We want to show that for any point the interval coming from any small interval centred on is larger than the interval coming from the interval of the same width as , but centred on (see the figure).

Figure 7: The interval *J _{1}* is smaller than the interval

*J*.

_{2}Since is the only point with we know that To match with our figure we’ll assume that An analogous argument works when

Now choose a positive number with (you’ll see later why we make this choice). From the definition of a derivative we know that there exists such that for all with we have

(1) |

Similarly, there exists such that for all with we have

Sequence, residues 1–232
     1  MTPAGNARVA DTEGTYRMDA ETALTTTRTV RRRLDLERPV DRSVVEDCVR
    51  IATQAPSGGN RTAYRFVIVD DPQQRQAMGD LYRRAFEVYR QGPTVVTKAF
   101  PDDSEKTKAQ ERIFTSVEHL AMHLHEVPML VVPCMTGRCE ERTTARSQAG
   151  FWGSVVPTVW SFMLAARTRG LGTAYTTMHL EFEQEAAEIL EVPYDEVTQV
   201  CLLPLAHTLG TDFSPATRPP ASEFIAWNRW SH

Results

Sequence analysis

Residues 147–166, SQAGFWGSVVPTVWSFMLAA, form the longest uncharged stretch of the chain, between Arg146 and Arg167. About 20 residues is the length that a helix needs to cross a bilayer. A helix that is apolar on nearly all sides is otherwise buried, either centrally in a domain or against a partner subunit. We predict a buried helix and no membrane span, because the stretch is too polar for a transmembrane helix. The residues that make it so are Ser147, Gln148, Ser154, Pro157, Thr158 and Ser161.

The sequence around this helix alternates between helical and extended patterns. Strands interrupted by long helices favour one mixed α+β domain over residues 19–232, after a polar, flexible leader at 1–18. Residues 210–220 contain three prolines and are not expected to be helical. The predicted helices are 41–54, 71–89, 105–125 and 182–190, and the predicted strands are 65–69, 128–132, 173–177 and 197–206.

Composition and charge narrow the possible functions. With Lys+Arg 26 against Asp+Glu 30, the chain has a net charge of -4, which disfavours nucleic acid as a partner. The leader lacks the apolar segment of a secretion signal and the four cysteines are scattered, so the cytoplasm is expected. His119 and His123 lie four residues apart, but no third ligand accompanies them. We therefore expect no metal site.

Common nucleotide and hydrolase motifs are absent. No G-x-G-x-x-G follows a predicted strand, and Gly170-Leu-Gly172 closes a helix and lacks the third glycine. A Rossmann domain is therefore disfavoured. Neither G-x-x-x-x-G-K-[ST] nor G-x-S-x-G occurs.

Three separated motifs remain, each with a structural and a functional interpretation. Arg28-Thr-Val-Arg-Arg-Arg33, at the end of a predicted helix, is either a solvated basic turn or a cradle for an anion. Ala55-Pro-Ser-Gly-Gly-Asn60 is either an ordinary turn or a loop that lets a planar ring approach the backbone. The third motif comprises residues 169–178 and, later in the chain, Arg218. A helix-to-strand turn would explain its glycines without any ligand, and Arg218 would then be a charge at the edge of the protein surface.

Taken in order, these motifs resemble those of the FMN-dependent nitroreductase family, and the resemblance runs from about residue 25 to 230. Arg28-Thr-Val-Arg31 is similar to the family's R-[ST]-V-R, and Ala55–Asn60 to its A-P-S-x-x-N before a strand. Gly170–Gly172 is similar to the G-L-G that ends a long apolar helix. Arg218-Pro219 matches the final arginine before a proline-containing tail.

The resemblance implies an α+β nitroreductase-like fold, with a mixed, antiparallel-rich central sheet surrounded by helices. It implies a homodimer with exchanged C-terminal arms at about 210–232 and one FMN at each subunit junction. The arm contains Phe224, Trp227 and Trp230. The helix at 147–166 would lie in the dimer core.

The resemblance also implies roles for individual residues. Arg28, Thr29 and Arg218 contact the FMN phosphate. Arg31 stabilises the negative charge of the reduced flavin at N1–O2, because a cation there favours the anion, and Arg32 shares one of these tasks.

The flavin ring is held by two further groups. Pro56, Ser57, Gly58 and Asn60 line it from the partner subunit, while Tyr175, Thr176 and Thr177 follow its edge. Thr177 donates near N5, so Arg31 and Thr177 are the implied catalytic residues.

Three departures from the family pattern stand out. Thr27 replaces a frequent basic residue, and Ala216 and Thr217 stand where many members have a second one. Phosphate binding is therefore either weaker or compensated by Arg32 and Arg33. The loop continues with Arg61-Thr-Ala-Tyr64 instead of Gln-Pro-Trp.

(2) |

Now choose any less than both and . Let be the interval and let be the interval

Since is the only value for which we know that the maximum of on must occur at one of the end-points of . Call that point . This means that the width of the interval is

Since is the only value for which we also know that the slope of is negative throughout the interval . On the function achieves its maximum at the lower end point of and its minimum at the upper end point The width of the interval is therefore

Now since both and lie within of , we know from inequality 2 that

and

(The inequalities have changed direction because, since , we have multiplied by a negative number in each case.)

Putting this together gives

(3) |

Since lies within of , we know from inequality 1 that

(4) |

And since we have chosen so that , putting inequalities 3 and 4 together gives

Thus, interval is wider than interval . QED.